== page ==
Mahanagar ke Jugnu: Amitosh Nagpal’s musical spotlights artistes’ dreams and resilience
The play is travelling to Bengaluru this week, with shows lined up at Ranga Shankara and Jagriti Theatre
By Reema Gowalla
Never a dull moment in this musical! Writer-director Amitosh Nagpal’s much-talked-about performance, Mahanagar ke Jugnu, is coming to Bengaluru this week, and it promises one hell of a ‘joyride’. The narrative spotlights the struggles and dilemmas of aspiring artistes who migrate to Mumbai to fulfil their dreams, but often find themselves reeling under existential crisis. While stars and mainstream cinema make headlines, the others wait in the wings for the right opportunity. The performance pays tribute to the resilience and optimism of all the aspirants living in India’s metropolitan cities.
It’s a satire, of sorts, that mixes comedy and music to trace the journey of Jugnu in the mayanagri. He came to the city with the dream of becoming a writer, but is now torned between his aspirations and the urgent need to earn money to sustain in the city. “While every aspiring actor, writer and musician comes to Mumbai thinking it to be a place where all their dreams will take shape, what they cannot comprehend is that it’s their survival in the mahanagar that will take precedence over everything. As they jostle for space and recognition in the entertainment industry, they get more and more engulfed in an inner conflict. Mahanagar ke Jugnu focuses on the struggles, experiences and feelings of these artistes, their loneliness and longing for family and home, and the friendships they build along the way,” says Amitosh, who has also adapted, translated and acted in Atul Kumar’s acclaimed musical Piya Behrupiya.
A Mandali Talkies presentation, the 1-hour-40-minute musical features an ensemble cast including actors Sakhi Gokhale, Girija Oak Godbole, Rajat Tiwari, Tushar Kadam, Shimli Basu, Sayan Sarkar, Mohit Agarwal, Devendra Ahirwar, Devendra Ahirwar, Mahadev Singh Lakhawat, Kewal Karthik, Janhavi Marathe, Rahul Joglekar and Amitosh (as Jugnu). Music for the play is composed by Devendra, while the choreography is done by Mohit and the costumes are designed by Deepika and Aniruddh. Contrary to the conventional style of elaborate backdrops for musicals, the set for this performance is simple and minimalist — with just a platform for the musicians, one bed and a few stools. Rahul is in charge of the light design for the show.
According to Amitosh, the credit for the musical being received so well by the audience goes to the artistes. “What started off with just one or two people, eventually became a mandali of enthusiastic and sincere performers. Mahanagar ke Jugnu is the coming together of the right kind of people, with each artiste adding depth and a new meaning to the play,” he explains.
With tragicomedy undertones, witty dialogues and upbeat scores, Mahanagar ke Jugnu unfolds before you, as the narrative captures an encounter in the life of Jugnu on a lonely night. Sad and sleepless, he sits alone in his room waiting for the spark of an idea that he can put to paper as his next story. And just then, his thoughts begin to creep in — a hopeful dream (Sapna) and his pragmatic existence (Zoya) confront him with vigour. Demanding to be written down, his thoughts, ideas, dreams and characters appear before him in no particular order. They all make jokes at each other’s expense. His unfulfilled dream, which is the reality of his existence at the moment; his feelings and aspirations; and the many thoughts that crowd his mind — all come together to bully him. As Jugnu lends an ear to their stories, he uncovers his own.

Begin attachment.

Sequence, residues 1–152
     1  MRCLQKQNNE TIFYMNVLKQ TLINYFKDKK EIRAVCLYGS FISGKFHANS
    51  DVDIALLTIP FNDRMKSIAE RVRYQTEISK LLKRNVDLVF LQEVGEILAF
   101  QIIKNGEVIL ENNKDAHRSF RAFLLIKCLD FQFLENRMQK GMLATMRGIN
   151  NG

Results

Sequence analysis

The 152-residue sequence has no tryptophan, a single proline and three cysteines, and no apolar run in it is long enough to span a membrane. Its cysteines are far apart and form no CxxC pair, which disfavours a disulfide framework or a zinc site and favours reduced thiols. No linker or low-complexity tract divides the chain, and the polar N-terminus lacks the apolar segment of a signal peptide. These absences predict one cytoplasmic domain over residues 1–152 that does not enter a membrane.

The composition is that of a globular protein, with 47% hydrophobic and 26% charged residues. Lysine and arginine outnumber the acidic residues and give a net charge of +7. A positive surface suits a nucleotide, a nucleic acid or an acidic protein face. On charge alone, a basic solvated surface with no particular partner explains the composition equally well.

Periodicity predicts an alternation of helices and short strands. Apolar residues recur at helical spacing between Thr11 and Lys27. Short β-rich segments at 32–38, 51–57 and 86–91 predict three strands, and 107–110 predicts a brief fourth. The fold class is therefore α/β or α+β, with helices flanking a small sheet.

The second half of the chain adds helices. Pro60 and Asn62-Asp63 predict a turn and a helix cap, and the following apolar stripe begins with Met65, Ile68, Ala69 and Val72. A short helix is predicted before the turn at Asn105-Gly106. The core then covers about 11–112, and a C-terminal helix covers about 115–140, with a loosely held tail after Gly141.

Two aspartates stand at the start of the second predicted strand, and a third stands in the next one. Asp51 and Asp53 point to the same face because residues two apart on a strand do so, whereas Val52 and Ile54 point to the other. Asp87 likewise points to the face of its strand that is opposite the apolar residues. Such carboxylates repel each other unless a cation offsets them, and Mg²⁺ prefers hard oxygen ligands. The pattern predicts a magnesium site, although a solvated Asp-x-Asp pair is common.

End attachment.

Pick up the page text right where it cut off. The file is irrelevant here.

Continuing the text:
Describing the piece as a foot-tapping musical comedy that will make you laugh out loud at life’s bitter-sweet ironies, the director says, “We are not trying to draw conclusions through this play. Rather, it’s a whimsical story that revolves around the experiences of artistes, who find their way into the city. But more than chasing their dreams, it’s the practicalities of life they get entangled in. The protagonist of the story represents realism, while the other performers are more of a metaphor. Through song and dance, these metaphors give the audience a peek into all that is going on in his mind that makes him chaotic, frenzied, in love or simply distracted.”
Also a well-known dialogue writer and lyricist, NSD-graduate Amitosh has been associated with a slew of acclaimed Bollywood films including Hindi Medium, Dabangg and Oye Lucky! Lucky Oye!. Sharing his thoughts on the evolution of content on OTT platforms, he says, “Lately, the art of storytelling has become too commercial to ensure quality. There is no dearth of stories, but good storytellers are still just a few. Work has either become too aspirational or relying on validation. We have slowly warmed up to independent cinema, but still haven’t been able to do justice to translated works that are far more diverse and reflect the true essence of our people. Bollywood, unfortunately, has still not been able to create a bridge between the real stories and what we call mainstream.”
Mahanagar ke Jugnu premiered at Prithvi Theatre in July 2022, and it’s all set to take the stage at Ranga Shankara on October 7 and 8 (at 3.30 pm and 7.30 pm) and at Jagriti Theatre on October 9 (at 3.30 pm and 7.30 pm). “The theatre crowd in Bengaluru has always been very warm, welcoming and supportive. We are super excited to be performing in the city,” sums up Amitosh.